A View from Over There - India and NSDI

By Joe Francica

Conferences billed as events for the "world" are often populated by bureaucrats who enjoy the sound of their own voices, but offer little substance. You see the so-called leaders of worldly professional bodies with wonderful PowerPoints, but little power to their points. For five days last week I listened intently to speakers at the Map World Forum (MWF) in Hyderabad, India to see if the event would herald a step forward for GIS or a missed opportunity for the advancement of global cooperation.

The theme, oft-repeated by the various ministers and other notable speakers at MWF, was "GIS for the Common Man." This is an intriguing concept in a land of over 1 billion inhabitants. Were they talking about Google Earth (GE) or applications that were the result of hard GIS work done in the mapping departments of government agencies that benefit all citizens? Google was decidedly "persona non grata" at the event and perhaps in all of India, as a result of revelations that the Mumbai 26/11 terrorists used GE in planning the attack. Representatives from Google Earth were not in attendance this year, after having played a major role in the conference two years ago. Still, the enormous benefits of tools like GE and Microsoft Virtual Earth are recognized by India's minister of Science & Technology and Earth Science, Kapil Sibal, who is making it a top priority to fly the largest six cities of India to acquire 3D data for use in Virtual Earth within the next three years.

Another "high-ranking" Indian government official said that the country should "leap frog" to the next generation of geospatial technology. He said that this was possible in India because the country had little investment in some of the traditional GIS solutions and legacy systems that have perhaps already been adopted by more developed countries. This astounding pronouncement suggested how little coordination had been present among government agencies in the past and how much money it might take to correct past deficiencies in technology adoption.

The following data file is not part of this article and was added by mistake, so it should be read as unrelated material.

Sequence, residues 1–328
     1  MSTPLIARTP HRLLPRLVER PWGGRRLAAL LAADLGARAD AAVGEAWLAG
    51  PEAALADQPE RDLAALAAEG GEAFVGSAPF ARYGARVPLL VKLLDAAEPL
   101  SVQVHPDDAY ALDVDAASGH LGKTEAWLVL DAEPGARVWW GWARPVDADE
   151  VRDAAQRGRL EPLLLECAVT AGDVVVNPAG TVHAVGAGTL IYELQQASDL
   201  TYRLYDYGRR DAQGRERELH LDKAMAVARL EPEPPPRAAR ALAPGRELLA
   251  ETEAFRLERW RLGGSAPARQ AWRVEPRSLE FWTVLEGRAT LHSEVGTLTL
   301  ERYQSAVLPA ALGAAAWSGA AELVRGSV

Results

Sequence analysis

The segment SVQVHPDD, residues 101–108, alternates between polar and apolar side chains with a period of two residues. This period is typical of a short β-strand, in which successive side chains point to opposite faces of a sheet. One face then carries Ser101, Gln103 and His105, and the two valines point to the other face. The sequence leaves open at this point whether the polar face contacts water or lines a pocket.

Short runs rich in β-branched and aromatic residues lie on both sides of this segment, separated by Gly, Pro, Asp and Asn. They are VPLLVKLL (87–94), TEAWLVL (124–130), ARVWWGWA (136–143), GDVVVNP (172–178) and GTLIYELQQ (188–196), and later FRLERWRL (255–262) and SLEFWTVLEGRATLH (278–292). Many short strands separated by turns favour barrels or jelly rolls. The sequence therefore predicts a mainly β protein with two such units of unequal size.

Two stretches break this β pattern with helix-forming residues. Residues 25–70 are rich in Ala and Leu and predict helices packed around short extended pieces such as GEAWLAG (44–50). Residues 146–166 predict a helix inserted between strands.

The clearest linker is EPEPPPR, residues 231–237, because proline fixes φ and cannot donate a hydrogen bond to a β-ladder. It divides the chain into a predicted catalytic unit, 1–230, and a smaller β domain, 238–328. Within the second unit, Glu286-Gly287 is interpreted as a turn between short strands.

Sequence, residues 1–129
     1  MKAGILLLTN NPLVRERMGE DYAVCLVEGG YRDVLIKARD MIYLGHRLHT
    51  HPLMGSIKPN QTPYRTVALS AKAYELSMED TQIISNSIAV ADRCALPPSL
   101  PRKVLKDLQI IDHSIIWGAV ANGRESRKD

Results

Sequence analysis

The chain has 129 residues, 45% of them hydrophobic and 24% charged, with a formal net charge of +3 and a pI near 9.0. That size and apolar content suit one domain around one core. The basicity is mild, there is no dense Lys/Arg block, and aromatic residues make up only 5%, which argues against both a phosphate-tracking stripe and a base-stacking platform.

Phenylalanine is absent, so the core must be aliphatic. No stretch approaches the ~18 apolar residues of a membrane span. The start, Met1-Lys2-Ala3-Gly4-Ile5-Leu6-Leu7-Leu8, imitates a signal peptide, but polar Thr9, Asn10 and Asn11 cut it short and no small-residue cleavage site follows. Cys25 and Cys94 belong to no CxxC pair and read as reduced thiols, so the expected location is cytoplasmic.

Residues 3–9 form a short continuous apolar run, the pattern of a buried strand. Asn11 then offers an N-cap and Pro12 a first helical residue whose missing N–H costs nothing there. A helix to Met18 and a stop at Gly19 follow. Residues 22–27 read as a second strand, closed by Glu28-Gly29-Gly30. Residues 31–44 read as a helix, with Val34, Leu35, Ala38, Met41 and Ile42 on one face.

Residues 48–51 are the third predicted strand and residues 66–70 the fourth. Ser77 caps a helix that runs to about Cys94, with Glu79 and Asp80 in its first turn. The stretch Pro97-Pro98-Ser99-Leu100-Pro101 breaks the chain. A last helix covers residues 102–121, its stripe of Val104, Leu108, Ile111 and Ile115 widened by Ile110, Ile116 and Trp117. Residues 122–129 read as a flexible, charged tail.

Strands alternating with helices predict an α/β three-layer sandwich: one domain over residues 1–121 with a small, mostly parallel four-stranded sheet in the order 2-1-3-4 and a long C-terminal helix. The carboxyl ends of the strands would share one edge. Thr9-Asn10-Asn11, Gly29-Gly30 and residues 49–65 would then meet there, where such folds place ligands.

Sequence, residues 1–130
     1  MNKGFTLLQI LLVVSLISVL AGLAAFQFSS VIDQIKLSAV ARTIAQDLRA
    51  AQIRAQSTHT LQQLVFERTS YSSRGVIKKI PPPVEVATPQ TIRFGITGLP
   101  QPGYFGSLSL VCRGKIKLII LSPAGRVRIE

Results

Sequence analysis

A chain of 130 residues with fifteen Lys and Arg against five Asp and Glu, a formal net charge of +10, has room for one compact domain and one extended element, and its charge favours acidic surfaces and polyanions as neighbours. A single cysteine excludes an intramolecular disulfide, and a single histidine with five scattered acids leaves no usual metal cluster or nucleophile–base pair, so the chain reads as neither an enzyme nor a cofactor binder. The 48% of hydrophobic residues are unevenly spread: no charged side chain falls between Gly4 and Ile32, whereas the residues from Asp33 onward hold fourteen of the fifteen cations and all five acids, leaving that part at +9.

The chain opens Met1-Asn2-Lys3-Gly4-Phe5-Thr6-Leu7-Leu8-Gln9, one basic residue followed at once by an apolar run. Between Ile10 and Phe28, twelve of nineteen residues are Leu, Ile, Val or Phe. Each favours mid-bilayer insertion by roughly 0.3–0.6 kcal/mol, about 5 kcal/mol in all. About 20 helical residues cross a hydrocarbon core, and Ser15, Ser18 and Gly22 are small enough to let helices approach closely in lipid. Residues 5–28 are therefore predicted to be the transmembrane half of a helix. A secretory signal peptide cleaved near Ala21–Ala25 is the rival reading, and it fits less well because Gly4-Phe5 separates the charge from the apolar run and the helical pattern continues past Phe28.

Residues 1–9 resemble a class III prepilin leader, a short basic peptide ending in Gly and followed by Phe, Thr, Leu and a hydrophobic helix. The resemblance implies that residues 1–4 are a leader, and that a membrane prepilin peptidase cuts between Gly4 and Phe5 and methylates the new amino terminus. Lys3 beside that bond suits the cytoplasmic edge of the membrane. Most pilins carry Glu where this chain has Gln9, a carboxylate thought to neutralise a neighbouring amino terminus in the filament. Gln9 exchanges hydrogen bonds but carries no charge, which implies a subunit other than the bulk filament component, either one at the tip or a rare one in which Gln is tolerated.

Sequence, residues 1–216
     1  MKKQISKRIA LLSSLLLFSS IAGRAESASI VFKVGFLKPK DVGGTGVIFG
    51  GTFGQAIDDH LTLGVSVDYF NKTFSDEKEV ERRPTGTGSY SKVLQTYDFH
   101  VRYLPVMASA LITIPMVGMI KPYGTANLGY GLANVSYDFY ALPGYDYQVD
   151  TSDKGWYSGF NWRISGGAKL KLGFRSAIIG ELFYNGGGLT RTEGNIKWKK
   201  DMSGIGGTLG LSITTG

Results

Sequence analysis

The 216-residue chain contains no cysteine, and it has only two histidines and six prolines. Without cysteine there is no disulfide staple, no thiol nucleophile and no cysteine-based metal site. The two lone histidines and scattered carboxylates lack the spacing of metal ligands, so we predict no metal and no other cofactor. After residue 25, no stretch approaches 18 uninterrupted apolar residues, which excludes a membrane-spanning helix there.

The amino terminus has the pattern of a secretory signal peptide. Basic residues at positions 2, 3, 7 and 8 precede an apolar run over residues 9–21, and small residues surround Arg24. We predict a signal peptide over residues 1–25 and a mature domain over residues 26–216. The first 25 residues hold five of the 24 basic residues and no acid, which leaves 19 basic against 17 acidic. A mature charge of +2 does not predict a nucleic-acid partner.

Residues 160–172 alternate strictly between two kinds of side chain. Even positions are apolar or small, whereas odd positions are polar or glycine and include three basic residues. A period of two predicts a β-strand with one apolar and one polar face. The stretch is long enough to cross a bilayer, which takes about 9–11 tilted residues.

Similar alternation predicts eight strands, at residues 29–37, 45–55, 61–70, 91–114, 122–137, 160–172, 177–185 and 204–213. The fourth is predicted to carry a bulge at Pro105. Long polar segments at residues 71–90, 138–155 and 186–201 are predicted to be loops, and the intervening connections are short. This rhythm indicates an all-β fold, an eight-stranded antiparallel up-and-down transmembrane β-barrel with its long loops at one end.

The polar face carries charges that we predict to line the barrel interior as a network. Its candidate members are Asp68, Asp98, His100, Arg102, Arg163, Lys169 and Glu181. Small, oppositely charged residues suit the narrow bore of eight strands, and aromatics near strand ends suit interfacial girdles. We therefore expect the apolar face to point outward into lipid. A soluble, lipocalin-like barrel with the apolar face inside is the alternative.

The challenge for India is a politically driven map policy caught between full democratization of data and a highly developed bureaucracy fixated on the perils of free and open availability with the ensuing security risks. The desire for a more open data policy is certainly present in the country. The technology is available, and even the distribution challenges can be overcome. But inertia is the friend of government inaction and the good words of politicians only get you so far. In an interview with India-based Geospatial Today Magazine (February 2009), Sibal said that a separate and independent Map Authority will be established to deal with data. In the same interview, he addressed the problem of restricting data access on the grounds of security saying, "Wherever the nature of data is sensitive, supply of that data will be regulated. In certain circumstances, it will not be allowed to be disseminated. But by and large, 90 percent of the data doesn't fall into that category. So there should be no problem." And so, if only to provide a local farmer with a map of his land, GIS for the common man may yet be possible in this country where roads and housing complexes mushroom seemingly overnight. The expansion that has occurred in just the two years since my last visit here is impressive, with a new airport open and operating and new highways and major high-rise apartments under construction.